That there are sometimes outbreaks of hatred towards Israel in Chile cannot be denied. They can always be traced either to a quite influential Palestinian community, or to the left-wingers, who always tried to force their will, be it on Videla, on Pinochet, or on the last president, Sebastián Piñera. The latter – under the tremendous pressure of the Palestinian lobby and the leftist regimes of the region (Argentina, Bolivia, Venezuela, and Peru) – was forced to recognize the Palestinian State. The Communist Party of Chile, following in Allende’s footsteps, considers Israel a “state of terror”, as it was nicknamed in 2006 by Hugo Gutierrez.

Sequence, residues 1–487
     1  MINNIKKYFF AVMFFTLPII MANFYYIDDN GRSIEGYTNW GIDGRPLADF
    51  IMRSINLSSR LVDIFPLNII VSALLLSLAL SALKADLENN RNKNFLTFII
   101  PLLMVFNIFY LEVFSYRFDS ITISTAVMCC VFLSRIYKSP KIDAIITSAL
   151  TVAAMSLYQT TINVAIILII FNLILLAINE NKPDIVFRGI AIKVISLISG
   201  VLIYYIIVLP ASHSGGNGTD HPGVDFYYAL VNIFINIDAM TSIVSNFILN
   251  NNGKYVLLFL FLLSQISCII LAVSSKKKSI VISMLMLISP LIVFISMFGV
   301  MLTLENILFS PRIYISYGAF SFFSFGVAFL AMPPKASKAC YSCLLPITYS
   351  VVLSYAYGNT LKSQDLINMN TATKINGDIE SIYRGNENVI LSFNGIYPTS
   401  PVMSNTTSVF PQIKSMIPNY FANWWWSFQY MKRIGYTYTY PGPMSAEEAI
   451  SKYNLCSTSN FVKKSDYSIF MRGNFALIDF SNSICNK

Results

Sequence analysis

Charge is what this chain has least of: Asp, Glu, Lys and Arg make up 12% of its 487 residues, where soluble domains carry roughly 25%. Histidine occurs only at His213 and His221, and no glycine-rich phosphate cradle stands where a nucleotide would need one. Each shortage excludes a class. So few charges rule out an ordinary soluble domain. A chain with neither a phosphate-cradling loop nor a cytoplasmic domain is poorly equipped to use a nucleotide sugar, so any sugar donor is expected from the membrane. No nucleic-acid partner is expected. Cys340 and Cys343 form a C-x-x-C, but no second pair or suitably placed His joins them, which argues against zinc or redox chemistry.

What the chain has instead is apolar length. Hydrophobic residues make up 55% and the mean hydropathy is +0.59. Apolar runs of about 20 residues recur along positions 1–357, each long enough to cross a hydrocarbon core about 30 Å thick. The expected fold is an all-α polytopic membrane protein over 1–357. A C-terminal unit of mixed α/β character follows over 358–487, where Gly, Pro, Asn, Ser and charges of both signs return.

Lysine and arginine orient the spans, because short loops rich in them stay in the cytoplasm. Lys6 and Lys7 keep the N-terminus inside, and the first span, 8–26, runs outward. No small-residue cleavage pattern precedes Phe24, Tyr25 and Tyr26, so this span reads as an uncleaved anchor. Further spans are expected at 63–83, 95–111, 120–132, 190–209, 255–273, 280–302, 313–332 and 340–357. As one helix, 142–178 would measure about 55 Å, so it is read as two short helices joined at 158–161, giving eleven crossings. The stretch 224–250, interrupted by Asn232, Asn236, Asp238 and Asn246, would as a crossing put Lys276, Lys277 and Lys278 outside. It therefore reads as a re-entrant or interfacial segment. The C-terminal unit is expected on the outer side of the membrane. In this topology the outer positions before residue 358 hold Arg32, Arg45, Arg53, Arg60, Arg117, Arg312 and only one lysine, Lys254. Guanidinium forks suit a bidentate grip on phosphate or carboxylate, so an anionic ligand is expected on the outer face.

These outbreaks notwithstanding, Israel and Chile are good partners and friends. There was a period of alienation during Allende’s “internationalist” government, and then, after Pinochet’s coup, the cooperation was resumed, expanded and brought about the most impressive results.

From my personal experience, Chile is one of the most pro-Israeli countries of the South America. It presents none of the Argentinian anti-Semitism, nor have I ever encountered here the dark-age Venezuelan Judeophobic rhetoric, hiding behind the mask of “anti-imperialism”.

Kitty Sanders, 2014